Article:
Hi, guys, my name is Alex, and my friend Becky asked me to contribute a few words of my experiences in the International Red Cross. Being in my fifties now I am kind of a veteran in the IRC and know Becky since she first volunteered and am happy to say that what she is doing with this blog is great and I think it will get many people interested in becoming active for a cause that we care both about.
If I have to choose one memory from the Red Cross from all the years I have been active, it would have to be the work we did following the devastating hurricane Katrina in 2005. I mean, the memories of that disaster are so vivid, even after twelve years now I get the images of the destruction in my dreams. The horrible thing took 1800 lives and destroyed 350.000 homes.
The numbers are staggering! I was one of more than 245.000 Red Cross personnel working to help bring some relief. And still, there just wasn’t enough of us.
We had just come into the city limits of New Orleans a few days after the worst of the storm. There were a lot of desperate people out there waiting for someone to help. We started organizing a medical and supply center in an old post office building which survived the winds and could be cleared out quick. From centers like that the Red Cross would serve 68 million meals and snacks before the relief effort was over.
The local people were in bad shape but we were taken by surprise when we saw a group approaching us, in a calm confident fashion. There were about 12 people, and only one spoke for all of them. His name was Richard Phillips and he was a retired navy officer. He offered to help with his group, who turned out to be his neighbors that, together with him had a survival and emergency medical aid club every week where they learned from him the basic but essential skills of helping in a medical emergency.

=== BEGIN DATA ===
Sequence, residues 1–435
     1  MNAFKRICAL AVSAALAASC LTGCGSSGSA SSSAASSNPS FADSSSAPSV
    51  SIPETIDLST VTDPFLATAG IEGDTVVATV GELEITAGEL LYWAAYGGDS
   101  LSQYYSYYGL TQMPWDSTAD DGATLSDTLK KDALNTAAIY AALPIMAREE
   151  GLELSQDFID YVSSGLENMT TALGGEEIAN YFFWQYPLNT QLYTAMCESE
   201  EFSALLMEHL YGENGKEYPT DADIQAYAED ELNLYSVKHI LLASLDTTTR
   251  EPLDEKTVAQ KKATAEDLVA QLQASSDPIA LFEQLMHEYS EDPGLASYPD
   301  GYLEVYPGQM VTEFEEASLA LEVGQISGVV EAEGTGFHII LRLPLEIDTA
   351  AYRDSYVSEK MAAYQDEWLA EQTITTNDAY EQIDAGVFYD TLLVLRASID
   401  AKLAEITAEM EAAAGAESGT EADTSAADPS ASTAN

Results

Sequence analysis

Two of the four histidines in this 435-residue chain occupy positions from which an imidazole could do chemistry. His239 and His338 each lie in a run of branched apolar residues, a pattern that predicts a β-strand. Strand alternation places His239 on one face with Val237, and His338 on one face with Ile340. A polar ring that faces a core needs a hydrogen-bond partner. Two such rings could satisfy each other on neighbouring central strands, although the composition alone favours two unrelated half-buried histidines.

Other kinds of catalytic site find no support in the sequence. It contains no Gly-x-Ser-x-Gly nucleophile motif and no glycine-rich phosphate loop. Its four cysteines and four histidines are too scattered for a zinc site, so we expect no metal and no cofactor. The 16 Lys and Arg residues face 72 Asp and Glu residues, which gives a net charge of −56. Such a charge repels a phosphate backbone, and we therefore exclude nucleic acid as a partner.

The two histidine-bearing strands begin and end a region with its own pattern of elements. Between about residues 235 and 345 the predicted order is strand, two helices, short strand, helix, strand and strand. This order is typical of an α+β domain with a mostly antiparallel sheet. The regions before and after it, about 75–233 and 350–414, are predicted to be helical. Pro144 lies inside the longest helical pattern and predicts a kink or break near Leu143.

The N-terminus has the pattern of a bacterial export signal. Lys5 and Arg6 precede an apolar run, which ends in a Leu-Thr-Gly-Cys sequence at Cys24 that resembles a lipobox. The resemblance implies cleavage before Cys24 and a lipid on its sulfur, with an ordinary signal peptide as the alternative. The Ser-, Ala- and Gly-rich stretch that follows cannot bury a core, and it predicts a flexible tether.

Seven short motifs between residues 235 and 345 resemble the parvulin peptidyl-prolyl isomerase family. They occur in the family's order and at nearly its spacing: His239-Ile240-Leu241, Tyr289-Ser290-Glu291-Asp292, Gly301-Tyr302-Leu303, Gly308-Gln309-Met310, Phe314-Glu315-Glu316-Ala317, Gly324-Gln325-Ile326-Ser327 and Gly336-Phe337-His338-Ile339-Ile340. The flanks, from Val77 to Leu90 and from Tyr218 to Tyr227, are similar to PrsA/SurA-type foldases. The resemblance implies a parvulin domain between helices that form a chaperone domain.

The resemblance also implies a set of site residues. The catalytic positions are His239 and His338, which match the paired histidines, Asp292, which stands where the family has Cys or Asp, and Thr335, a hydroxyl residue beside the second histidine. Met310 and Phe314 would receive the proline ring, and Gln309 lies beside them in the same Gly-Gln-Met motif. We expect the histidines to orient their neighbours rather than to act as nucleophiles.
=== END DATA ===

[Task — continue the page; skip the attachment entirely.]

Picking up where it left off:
I remember thinking how this guy in a normal situation would be considered silly for going through the trouble of organizing himself and his neighbors and teaching things that you wouldn’t normally need. But when the unthinkable happens it could mean the difference between life or death. While they were helping us out in the shelter I got to talk to Mr. Phillips for a bit. He said he knew many people thought he was funny with his preparations and training neighbors but he thinks of himself as a rational man and he knew that this part of the US is vulnerable to hurricanes and that they could make serious problems for him and his community.
He had some skills so he thought it was his duty to pass them to others who might benefit. And so he did and thank goodness too because he and his friends helped us out a lot during those incredibly hard weeks to come.
So if you can learn something the Red Cross could use, please do and help us, we can always use it.